One of Shubik’s most influential books has been Game Theory in the Social Sciences, the first volume of which received the Lanchester Prize in 1983. It could be seen as the realization of his early instinct that mathematics would prove essential to social science, and it has pointed the way for legions of others. In another letter supporting Shubik’s nomination to be an INFORMS fellow, Matthew J. Sobel, a professor at the Weatherhead School of Management at Case Western Reserve University, called it one of the most important books about game theory published in the last half century. Summing up Shubik’s contributions to the field, Sobel wrote, “It is apt to compare Shubik’s contributions to game theory with those of Richard Bellman to dynamic programming. Both made seminal contributions to the underlying theory in their respective domains, and both indefatigably wrote about a vast array of contexts in which the respective theories yielded important insights.”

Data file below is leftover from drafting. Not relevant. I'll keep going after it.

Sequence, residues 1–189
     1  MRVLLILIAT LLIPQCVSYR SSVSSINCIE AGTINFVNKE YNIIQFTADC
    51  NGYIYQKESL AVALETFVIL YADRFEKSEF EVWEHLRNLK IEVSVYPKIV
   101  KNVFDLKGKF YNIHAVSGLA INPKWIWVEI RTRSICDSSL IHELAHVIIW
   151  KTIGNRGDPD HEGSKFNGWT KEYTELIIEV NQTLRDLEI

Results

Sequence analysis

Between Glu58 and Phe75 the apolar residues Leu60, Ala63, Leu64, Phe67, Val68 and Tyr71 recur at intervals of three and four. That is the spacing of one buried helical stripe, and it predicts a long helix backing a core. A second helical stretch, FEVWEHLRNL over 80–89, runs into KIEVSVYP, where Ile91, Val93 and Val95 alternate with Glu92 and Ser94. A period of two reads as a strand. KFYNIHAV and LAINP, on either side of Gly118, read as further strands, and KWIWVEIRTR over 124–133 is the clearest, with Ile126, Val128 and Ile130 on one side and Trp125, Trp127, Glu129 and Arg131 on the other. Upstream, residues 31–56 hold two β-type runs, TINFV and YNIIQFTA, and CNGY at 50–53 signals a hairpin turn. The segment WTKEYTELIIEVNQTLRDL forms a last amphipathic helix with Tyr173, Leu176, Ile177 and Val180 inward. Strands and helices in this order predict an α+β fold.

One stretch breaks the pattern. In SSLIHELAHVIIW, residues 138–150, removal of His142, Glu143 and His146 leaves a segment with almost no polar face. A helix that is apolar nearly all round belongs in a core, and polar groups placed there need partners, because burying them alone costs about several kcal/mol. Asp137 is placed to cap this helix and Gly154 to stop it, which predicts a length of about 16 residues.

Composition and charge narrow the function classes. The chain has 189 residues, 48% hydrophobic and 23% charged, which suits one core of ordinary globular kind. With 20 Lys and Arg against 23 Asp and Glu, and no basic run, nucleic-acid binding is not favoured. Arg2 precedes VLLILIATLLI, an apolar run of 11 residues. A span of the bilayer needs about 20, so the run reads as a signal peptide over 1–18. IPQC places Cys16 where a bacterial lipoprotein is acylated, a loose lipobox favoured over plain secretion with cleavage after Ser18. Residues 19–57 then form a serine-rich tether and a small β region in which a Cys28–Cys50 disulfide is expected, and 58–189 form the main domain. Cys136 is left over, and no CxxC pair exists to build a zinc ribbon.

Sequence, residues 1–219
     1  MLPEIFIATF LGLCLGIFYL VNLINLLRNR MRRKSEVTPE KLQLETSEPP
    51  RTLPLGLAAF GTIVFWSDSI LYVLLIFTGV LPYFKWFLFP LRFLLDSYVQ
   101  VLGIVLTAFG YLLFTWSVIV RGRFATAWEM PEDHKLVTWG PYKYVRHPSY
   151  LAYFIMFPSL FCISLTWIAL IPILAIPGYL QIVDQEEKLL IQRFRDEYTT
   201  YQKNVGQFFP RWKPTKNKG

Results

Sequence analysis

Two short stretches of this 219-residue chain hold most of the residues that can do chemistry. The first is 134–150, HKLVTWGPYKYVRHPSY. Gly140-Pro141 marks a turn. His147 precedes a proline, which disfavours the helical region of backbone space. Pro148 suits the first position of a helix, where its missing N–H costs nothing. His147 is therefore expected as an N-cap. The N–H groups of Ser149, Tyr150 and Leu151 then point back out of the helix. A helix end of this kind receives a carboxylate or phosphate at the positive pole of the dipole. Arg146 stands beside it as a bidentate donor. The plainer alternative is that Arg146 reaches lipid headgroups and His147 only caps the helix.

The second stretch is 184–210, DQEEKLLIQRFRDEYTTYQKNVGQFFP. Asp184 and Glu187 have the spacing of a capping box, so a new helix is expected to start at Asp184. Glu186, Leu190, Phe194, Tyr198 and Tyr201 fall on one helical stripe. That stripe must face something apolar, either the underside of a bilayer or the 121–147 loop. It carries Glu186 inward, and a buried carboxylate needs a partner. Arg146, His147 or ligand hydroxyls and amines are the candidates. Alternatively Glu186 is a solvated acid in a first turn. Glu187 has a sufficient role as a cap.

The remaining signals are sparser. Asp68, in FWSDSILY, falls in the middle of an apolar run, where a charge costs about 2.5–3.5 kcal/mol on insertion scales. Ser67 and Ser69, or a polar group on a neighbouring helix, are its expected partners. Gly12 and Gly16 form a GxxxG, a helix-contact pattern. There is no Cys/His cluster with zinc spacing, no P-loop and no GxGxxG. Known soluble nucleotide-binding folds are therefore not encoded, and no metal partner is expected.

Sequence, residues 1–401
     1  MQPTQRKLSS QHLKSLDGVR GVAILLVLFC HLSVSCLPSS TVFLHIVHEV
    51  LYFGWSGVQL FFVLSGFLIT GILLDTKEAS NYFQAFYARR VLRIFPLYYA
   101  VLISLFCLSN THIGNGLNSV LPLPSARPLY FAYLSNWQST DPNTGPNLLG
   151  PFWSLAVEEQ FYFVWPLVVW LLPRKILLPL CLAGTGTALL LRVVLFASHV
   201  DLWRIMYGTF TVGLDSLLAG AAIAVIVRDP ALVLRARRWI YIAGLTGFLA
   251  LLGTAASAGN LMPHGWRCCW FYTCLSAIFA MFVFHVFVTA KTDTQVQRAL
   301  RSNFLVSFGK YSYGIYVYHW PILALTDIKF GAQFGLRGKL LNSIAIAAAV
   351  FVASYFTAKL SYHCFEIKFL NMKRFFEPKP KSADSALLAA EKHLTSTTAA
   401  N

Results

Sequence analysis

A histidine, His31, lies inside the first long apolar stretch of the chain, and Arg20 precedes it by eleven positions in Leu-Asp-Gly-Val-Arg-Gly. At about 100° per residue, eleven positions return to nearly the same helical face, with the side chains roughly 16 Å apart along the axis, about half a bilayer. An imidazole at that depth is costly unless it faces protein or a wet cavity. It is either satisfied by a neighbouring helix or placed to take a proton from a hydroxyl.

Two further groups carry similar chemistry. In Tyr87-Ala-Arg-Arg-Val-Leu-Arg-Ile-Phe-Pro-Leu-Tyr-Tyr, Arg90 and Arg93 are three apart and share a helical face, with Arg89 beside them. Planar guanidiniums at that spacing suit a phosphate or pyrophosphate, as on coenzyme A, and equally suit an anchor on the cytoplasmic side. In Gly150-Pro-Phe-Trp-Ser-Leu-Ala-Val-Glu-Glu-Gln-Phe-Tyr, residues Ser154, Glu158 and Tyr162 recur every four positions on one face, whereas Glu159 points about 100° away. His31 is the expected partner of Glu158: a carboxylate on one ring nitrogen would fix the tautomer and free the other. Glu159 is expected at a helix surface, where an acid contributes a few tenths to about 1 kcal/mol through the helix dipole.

Paul Bracken, professor of management at Yale SOM, said that Shubik’s work applying gaming and game theory to defense policy helped turn the whole field toward a more rigorous approach. “Prior to his work, gaming was pretty much an intuitive field driven by gut instincts,” Bracken said. “DoD’s gaming is now conducted at a much higher level of usefulness because of Martin’s work.” Shubik’s work “stands in a class of its own,” Bracken said, and has influenced numerous areas of defense analysis. For instance, in a 1971 paper, Shubik devised a dollar auction game in which players would end up spurring each other to bid far more than one dollar in order to win a dollar. The logic of escalation clearly applies to a number of issues in defense strategy. “Vietnam, limited nuclear war with the Soviets, and other examples took on a new light in this perspective,” said Bracken.